Wednesday, June 6, 2012

Meeting with a book group

Last night, I was a friend's Meet-the-Author guest at her book group's monthly meeting. The group has been discussing books for at least twenty years, and they recently decided to read the books of local authors and invite the authors to the discussion. I was the third this year (which may reflect the literary activity in my little town).

The nine women liked Getting Oriented, but had trouble with all the characters, keeping them straight at the beginning of the book. (The tour guide, ten guests on his tour, his boss back in Chicago, and more.) They didn’t have any suggestions on how to fix that, nor was it a problem once they’d read into the book; it’s just that there are a lot of names to keep straight. But they recognized that too few people on a tour would also be a problem with veracity. My friend had printed out my book group guide and whenever the conversation flagged, she asked one of the leading questions.
They wanted to know how I constructed the book. I said that having the tour gave me a structure and a movement through time. I also said that I’d originally tried to keep every chapter rigidly to a single day, but it was clear that was too strict and now events from one day slop over into the next chapter where it makes sense. I did not know how the book was going to end when I started, and I wrote a biography for the main characters so I knew something about them.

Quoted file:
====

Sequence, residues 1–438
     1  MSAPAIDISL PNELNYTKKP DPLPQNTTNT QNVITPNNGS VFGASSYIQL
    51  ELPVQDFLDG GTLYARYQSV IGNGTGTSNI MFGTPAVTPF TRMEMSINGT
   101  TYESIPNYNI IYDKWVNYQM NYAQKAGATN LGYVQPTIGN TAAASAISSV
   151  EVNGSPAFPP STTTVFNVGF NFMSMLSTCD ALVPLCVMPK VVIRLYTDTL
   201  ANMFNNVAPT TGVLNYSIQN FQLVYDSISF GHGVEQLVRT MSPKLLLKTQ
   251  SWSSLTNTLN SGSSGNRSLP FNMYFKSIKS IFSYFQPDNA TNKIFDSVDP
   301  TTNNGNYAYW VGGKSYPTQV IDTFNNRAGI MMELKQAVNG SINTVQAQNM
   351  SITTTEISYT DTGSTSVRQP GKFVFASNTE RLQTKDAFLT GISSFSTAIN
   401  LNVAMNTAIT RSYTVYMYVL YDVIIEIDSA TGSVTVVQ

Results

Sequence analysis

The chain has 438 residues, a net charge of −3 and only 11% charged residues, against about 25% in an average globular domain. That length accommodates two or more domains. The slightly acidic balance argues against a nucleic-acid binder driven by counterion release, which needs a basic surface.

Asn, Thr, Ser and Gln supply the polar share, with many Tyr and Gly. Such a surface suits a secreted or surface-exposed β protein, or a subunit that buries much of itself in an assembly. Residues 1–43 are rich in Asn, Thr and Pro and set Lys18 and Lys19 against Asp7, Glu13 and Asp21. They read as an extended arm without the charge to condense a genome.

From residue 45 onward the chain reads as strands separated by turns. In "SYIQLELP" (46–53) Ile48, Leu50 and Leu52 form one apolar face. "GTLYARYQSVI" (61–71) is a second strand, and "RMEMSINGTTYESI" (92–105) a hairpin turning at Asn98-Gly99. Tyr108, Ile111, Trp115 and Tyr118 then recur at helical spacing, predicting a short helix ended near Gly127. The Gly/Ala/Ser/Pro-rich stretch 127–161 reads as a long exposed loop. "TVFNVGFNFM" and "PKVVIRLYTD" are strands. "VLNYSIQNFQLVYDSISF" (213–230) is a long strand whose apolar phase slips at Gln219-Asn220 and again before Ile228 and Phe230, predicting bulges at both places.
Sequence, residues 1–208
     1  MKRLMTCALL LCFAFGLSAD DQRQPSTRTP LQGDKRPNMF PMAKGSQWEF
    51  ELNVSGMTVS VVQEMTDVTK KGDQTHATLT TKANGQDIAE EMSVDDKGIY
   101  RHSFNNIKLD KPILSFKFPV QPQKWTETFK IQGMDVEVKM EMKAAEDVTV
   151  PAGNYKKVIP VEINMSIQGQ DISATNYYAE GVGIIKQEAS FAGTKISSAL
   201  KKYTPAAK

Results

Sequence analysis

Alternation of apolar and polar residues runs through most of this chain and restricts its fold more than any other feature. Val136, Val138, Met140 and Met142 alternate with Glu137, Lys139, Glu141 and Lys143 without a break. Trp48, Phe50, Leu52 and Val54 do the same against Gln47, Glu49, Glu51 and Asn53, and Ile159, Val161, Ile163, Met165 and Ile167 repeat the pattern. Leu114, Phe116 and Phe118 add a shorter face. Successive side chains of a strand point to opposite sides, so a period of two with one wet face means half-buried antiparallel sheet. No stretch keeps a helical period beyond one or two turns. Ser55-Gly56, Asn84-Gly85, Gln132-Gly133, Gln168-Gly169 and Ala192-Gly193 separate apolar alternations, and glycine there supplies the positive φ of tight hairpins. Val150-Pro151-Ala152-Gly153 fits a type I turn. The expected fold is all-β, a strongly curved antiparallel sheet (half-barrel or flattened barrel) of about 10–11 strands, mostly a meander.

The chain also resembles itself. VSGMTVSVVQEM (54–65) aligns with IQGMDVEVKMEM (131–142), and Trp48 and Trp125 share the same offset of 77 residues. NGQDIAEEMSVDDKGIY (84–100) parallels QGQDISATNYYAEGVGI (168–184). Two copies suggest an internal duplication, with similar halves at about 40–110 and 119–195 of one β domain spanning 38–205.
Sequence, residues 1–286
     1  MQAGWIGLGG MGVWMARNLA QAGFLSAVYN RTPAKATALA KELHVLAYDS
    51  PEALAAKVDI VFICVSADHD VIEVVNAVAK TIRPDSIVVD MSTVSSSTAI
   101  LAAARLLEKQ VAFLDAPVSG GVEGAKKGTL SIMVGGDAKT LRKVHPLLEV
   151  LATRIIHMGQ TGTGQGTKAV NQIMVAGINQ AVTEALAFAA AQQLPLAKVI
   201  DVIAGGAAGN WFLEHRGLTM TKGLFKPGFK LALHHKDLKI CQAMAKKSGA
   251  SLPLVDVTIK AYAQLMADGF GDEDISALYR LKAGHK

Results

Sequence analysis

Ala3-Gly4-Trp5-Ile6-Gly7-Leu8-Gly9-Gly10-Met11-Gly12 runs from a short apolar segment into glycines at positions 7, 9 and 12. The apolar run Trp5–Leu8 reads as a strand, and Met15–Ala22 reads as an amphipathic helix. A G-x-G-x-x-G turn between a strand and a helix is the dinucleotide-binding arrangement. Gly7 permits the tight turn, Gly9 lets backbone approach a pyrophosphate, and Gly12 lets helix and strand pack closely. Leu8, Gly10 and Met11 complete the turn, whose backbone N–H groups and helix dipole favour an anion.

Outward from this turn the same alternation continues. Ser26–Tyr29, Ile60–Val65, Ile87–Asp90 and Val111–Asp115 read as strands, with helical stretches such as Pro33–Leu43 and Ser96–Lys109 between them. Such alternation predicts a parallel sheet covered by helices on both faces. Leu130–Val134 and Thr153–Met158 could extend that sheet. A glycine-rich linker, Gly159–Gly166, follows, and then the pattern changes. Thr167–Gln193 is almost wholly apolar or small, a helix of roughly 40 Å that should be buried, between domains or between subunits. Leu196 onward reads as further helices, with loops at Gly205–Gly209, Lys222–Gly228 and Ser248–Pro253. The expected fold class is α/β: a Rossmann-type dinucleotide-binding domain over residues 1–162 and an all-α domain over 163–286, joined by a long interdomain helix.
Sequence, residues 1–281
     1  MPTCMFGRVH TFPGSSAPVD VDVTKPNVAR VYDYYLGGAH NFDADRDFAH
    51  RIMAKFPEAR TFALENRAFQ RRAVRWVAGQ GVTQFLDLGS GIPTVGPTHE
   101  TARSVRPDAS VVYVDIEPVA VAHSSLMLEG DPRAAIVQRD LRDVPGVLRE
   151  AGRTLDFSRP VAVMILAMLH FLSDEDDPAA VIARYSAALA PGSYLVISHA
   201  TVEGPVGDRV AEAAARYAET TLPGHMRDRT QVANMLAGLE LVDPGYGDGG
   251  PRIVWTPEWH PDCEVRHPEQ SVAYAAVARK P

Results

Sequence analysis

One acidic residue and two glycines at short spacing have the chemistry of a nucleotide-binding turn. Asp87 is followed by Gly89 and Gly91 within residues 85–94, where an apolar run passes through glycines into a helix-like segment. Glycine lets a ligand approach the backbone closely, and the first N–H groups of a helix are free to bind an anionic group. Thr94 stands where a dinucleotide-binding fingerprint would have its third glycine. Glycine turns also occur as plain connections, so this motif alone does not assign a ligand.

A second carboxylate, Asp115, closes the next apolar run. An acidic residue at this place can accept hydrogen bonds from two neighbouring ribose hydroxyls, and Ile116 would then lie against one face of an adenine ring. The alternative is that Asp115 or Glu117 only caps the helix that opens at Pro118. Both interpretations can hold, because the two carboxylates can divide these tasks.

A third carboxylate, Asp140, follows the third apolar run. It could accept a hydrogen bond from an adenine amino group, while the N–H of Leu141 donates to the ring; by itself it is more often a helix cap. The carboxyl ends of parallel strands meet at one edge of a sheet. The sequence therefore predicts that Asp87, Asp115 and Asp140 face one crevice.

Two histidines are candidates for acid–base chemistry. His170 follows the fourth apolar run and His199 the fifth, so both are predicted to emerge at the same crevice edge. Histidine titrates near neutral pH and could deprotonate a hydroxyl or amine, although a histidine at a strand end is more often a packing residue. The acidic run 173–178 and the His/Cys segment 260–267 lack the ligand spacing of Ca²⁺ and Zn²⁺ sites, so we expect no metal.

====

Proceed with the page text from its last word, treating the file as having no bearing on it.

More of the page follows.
They said my love of Japan came through clearly, and felt they’d learned a lot about the country in the book. At the same time there was enough of a story to pull them through; it is not simply a travel guide. They wanted to know why I had the sex scene in the book. I said I wanted to show the main character’s gradual recovery from his depression, and being sexually attracted to a woman (and doing something about it) was one way to show his being on his way to recovery.
They wanted to hear me speak Japanese, which I did. (On the other hand, as I pointed out, I could have said almost anything and how would they know?) Two school teachers had exposed their students to Japanese and calligraphy, so they were interested in the language.
Two women said they'd like to write and I talked about how to start (get up early, sit at the desk, and do it). One woman asked about writer’s block. I said what I believe: It's a symptom, not a disease, and once you recognize the disease, the block tends to go away. Usually, I think, it’s a symptom of fear—fear of failure, fear of offending someone, fear of revealing too much. My suggestion and cure for writer's block, which I have suffered: Realize every first draft is crap, and just write without thinking. You can always go back.
For show and tell, I brought my hanko and an ema, like the votive prayer tablet I'm holding in the picture above, and some pictures from Japan showing real places the fictional tour visits. I inscribed and stamped books the ladies had bought and told stories about tour-leading that aren't in the book. I had a wonderful time.

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